Homily on the Feast of Saint Louis IX of France by Br. Thomas at the Church of St Mary the Virgin, NYC, August 25, 2020
Phyllis McGinley in her book Saint Watching says, “As a saint-watcher, amateur standing, I am forever discovering my own ignorance. Saints have this or that quality, I assure myself complacently. Then out of some historical thicket bursts a new specimen, or I come across a whole flock of the brilliant creatures behaving quite otherwise than I had expected. For the glass through which I observe them may be imperfect but at least it is not stained glass. It does not filter out their humanity but lets it shine through unimpaired.”
Today the church commemorates Louis, King of France. I have to admit that I find St Louis a puzzling character. He isn’t what I initially picture when I think of saints. When I think of saints, I think of Teresa of Avila or Francis of Assisi. I think of habits and service, friars, monks, and nuns, feeding people, clothing people, teaching people, dying for their faith. People who engaged the holy and in a lot of ways seemed to be nearly perfect. I never saw those things when I looked at Louis, if I’m honest. But McGinley encourages us to take into account the humanity of the saint. To let them be people just as much as they are role models. And when I begin to look at Louis through those lenses, I begin to see something different.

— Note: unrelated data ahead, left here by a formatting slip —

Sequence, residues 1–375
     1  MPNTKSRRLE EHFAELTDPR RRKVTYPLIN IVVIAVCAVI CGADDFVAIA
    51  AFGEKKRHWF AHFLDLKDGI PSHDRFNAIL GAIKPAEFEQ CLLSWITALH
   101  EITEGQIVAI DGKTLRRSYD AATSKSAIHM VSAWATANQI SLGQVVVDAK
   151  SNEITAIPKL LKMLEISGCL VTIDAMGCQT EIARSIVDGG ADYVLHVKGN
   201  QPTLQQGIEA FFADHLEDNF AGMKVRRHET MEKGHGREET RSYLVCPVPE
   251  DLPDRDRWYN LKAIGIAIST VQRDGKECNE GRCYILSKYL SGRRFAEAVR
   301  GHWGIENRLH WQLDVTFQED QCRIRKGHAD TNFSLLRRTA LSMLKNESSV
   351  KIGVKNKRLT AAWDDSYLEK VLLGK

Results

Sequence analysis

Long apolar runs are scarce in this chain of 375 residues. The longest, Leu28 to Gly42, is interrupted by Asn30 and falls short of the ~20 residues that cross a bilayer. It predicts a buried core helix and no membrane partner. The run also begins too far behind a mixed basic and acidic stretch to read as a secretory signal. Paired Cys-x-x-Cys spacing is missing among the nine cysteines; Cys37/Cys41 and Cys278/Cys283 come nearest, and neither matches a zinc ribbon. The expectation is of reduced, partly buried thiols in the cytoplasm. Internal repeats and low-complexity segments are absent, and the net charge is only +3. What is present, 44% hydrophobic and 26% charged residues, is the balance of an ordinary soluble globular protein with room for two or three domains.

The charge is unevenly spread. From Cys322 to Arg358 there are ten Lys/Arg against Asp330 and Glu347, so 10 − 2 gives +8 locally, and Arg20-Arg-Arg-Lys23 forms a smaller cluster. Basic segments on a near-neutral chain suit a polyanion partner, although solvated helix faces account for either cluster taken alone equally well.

Louis IX was born in 1214 and was crowned king of France in 1228, the same year Francis of Assisi was canonized in the Catholic Church. Louis was 12 years old. Louis’ mother Blanche of Castile ruled the kingdom until he came of age. By the time he was of age, he had grown into a man who was sincerely committed to his catholic faith; living simply, visiting hospitals, trying to act with integrity and honesty. He even wore the habit of the Secular Franciscans on special occasions at the palace.
The Secular Franciscans were an Order of the church that followed the way of St Francis but didn’t live in community. They promise to try to live out the gospel message and the way of St Francis within their own context, as shopkeepers and mothers, husbands and fisherman. And for quite some time they did have a habit that they wore, that way people knew that they had made these promises. Even today, we Episcopal Franciscans also have the what are called the Third Order Franciscans that are doing this very thing- living out the message of the gospel and way of St Francis within their own context. Although nowadays the habit has been set aside.
I imagine that when Louis wore this habit around the palace it may have caused some challenges. Or at the very least large questions. Here is the man who is supposed to be the supreme law of the land, and he had promised to live out the gospel message, to be faithful to the church and follow the way a poor Italian beggar named Francis. I can imagine the royal court whispering about the sanity of their king, if he were really capable of ruling, if he could protect them if they were attached or if he would lay down his sword and surrender in a show of peace.